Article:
Let’s say that you aced law school or spent a couple of years at the most prestigious firm in your state or the country or worked in-house at a Fortune 500 corporation. If you have these credentials — and even if you don’t — but you’re itching to try your hand at starting your own firm, chances are that you’ll make it happen. On the other hand, even with the most prestigious resume in the world, if you start a firm out of desperation or view solo practice as the legal profession’s sloppy seconds (or thirds or fourths), then you’re probably doomed from the start.
Although none of us can fully control our destiny, mindset plays a role in success. As William Barnett writes at the Harvard Business Journal, winning is a self-fulfilling prophecy. Barnett gives the example of his brother-in-law, a photographer who, literally, missed the boat for a wedding shoot taking place on a yacht. Not surprisingly, the bride was furious – until a racing boat zipped by with her photographer strapped in, snapping photos with a telescopic lens. In minutes, the photographer went from goat to genius – because he’d capture far better photos shooting from a separate boat than in the cramped quarters of the wedding yacht.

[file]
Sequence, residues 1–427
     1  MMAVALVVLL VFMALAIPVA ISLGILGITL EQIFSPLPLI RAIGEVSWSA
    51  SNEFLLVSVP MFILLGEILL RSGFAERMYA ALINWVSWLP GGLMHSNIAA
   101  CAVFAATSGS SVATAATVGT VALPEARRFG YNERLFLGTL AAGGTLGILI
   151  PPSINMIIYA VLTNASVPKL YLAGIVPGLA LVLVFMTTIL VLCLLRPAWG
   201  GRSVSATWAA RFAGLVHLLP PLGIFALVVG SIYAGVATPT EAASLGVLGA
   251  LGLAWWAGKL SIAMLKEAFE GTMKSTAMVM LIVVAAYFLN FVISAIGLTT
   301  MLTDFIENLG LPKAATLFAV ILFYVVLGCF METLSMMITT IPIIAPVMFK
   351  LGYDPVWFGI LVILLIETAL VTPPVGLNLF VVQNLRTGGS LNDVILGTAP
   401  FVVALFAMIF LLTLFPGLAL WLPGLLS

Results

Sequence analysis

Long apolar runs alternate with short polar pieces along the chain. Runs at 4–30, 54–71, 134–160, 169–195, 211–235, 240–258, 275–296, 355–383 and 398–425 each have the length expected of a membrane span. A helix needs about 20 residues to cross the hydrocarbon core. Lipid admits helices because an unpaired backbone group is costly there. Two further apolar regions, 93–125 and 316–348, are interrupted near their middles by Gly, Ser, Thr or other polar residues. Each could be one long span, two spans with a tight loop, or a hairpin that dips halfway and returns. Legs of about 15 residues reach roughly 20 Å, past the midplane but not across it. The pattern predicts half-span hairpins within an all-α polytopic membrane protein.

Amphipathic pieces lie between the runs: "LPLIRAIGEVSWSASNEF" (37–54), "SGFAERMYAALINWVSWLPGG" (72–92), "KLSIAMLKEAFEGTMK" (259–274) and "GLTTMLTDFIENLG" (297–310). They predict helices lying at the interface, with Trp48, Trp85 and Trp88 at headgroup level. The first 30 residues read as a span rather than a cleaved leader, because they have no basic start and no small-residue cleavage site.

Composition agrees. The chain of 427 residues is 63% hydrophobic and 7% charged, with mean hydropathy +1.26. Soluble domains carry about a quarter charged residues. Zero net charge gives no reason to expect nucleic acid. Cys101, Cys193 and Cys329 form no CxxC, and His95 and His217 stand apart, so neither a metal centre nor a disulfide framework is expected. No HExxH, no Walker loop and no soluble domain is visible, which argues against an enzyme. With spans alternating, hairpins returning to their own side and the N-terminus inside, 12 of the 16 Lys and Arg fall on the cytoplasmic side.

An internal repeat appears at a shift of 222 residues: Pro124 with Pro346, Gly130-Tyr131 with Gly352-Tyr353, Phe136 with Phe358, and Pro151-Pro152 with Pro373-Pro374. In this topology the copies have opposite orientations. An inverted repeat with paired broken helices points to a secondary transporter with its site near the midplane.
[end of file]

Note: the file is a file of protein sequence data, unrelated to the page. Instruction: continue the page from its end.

Although the photographer pulled off the plan seamlessly – as if it was what he’d intended all along — that wasn’t the case. He’d actually missed the boat, then scrambled to find a racing boat to zip him out to the site, all while coming up with a new way to take photos on the fly. But as Barnett describes:
[There’s a] reason that winners keep winning, a reason that is particularly useful to understand business leadership: Some people tend to be unrealistically optimistic, a view that sometimes makes itself come true. The downside of such unrealistic optimism is that it can lead you to be out of touch. But the upside is that an unrealistically optimistic outlook might trigger what’s known as a self-fulfilling prophecy.
I’ve observed the same in solo practice. Those who start with confidence, certain that they’ll make it work no matter what often thrive. By contrast those who on paper have far better advantages – the top law school, the work experience, the contacts – often flounder either because their heart isn’t in it or because ultimately, they secretly harbor feelings of failure because they’ve never attained what the legal profession considers success.
In the case of the photographer:
He could not accept that he would fail. So in a situation where others would throw up their hands and admit defeat, he kept scrambling. Not letting the facts get in the way, the unrealistic optimist expends effort as if victory was within reach, which of course makes that victory more likely. And with every victory, the optimist’s unrealistic view gets confirmed yet again.
But that kind of determination is often what it takes to make it as a solo: ignore that the odds are against you, assume that you’ll overcome them and play as hard as you can.